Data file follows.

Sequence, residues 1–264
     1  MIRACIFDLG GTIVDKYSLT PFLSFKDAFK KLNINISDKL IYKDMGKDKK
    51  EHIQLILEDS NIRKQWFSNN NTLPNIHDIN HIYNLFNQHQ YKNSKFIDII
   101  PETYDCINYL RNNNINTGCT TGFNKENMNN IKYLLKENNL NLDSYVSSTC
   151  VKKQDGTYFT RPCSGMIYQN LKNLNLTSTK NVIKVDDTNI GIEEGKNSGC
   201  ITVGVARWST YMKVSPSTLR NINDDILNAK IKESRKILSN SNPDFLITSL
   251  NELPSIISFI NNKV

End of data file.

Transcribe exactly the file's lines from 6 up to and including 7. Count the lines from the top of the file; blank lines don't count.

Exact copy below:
   201  ITVGVARWST YMKVSPSTLR NINDDILNAK IKESRKILSN SNPDFLITSL
   251  NELPSIISFI NNKV